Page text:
Recently, the STJ encountered a peculiar situation. A street sweeper was hit by a bus carrying passengers (customers). He was the only victim of the event and had no relationship with the bus company, that is, he was not part of the original consumer relationship established between the bus company and its passengers, none of whom were injured. Even though the accident did not injure any of the direct consumers of the company, could the street sweeper be considered a bystander? Or would some "direct" consumer of the bus company need to have been injured to talk about equating the street sweeper as a consumer? According to the reporting judge in his leading opinion:

"The fact that the only person victimized by the accident allegedly caused by the bus owned by the appellee, while providing transportation service for people in Rio de Janeiro, was a third party to the consumer relationship does not rule out his bystander status."[4]

On this occasion, the existence of a consumer relationship was deemed to be sufficient, i.e., the fact that the service/product was being offered within the scope of the CDC, so that the accident resulting from this relationship, by victimizing any individual, whether or not part of the consumer chain, fell under the scope of the consumer legislation and all its protective institutes. Thus, even if none of the direct consumers of the bus company were injured, the court considered that it was possible to expand consumer protection measures to the third party, by configuration.

It is no accident that on more than one opportunity, the STJ has taken the time to deal with the topic of the bystander. The subject is relevant and its legal consequences are even more so. What can be observed is a constant evolution of the issue. The correct and timely identification of bystanders in specific cases is fundamental, since the consequence is the application of consumer legislation, which is protective and seeks to balance the relationship between consumers and suppliers.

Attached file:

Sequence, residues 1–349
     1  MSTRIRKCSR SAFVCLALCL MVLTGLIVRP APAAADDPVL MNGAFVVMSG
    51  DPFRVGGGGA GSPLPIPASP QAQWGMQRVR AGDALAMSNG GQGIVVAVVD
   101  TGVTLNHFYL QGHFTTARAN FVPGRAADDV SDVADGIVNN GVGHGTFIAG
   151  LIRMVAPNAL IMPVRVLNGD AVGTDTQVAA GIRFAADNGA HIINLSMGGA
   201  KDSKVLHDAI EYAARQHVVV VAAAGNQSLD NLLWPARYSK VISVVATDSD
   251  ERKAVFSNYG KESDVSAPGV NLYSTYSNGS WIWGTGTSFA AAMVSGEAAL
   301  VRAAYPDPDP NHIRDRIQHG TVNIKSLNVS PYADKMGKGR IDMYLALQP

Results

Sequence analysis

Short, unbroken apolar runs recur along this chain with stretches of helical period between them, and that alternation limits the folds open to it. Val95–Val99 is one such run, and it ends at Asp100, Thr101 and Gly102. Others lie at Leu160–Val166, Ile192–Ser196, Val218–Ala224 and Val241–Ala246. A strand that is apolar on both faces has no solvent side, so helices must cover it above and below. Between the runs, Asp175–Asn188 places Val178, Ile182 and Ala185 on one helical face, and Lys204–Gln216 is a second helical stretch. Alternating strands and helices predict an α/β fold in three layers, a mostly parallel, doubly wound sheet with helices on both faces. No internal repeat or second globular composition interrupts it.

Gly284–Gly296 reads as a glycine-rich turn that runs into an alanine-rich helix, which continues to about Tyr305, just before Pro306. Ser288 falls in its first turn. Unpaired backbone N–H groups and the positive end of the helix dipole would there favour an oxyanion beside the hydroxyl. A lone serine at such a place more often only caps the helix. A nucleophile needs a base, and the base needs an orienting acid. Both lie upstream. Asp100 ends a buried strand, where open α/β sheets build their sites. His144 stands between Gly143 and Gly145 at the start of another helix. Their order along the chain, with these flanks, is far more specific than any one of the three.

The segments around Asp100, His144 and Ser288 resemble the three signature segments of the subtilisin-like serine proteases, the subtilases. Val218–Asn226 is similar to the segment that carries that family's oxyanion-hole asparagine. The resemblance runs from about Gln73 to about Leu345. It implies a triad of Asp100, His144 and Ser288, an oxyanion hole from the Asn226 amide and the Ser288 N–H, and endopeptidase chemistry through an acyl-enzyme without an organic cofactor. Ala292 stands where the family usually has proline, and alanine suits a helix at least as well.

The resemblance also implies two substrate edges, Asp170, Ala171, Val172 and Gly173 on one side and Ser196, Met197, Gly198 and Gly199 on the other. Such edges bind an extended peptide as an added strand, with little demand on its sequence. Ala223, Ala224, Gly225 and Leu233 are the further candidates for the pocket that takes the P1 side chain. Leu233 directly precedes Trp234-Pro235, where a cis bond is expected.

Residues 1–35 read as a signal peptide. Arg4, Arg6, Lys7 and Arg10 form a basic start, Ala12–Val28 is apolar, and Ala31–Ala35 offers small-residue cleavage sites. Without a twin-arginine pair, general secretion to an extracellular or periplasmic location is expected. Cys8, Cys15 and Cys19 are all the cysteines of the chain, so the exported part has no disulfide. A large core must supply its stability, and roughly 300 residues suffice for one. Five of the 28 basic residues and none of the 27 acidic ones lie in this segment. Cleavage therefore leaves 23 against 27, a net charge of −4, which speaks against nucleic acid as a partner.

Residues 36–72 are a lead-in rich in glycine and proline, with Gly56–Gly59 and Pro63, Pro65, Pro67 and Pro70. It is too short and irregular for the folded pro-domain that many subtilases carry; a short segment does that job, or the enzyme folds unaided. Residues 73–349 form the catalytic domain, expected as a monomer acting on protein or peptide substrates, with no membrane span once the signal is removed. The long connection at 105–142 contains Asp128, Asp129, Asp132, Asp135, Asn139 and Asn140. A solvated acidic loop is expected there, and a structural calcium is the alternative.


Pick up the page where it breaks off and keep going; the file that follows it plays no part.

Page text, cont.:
The application of consumer legislation alters both the competence to judge lawsuits and the reversal of the burden of proof. The inadequate or late identification of bystanders can, therefore, be catastrophic, so it is essential to know the subject and to monitor the evolution of its interpretation by the courts.


[1] Special Appeal 1125276/RJ, rel. Reporting Judge Nancy Andrighi, 3rd Panel, judged on February 28, 2012, published in the DJe on March 7. 2012.

[2] Special Appeal 1281090/SP, Reporting Judge Luis Felipe Salomão, 4th Panel, judged on February 7, 2012, published in the DJe on March 15, 2012.

[3] Conflict of Competence 143.204/RJ, Reporting Judge Ricardo Villas Bôas Cueva, 2nd Section, judged on February 29, 29, 2016. In the same sense, "According to the jurisprudence of this Superior Court, defined in a case similar to that here, in the present hypothesis, the plaintiffs are comparable to consumers, by configuring the oil spill as a consumer accident, which allegedly harmed the fishing activity of the interested parties" (CC 132.505/RJ, Reporting Judge Ricardo Villas Bôas Cueva, 2nd Section, judged on February 3, 2015).

[4] Special Appeal178.731-8, Reporting Judge Paulo De Tarso Sanseverino, 3re Panel, judged on June 16, 2020, published in the DJe on June 18, 2020.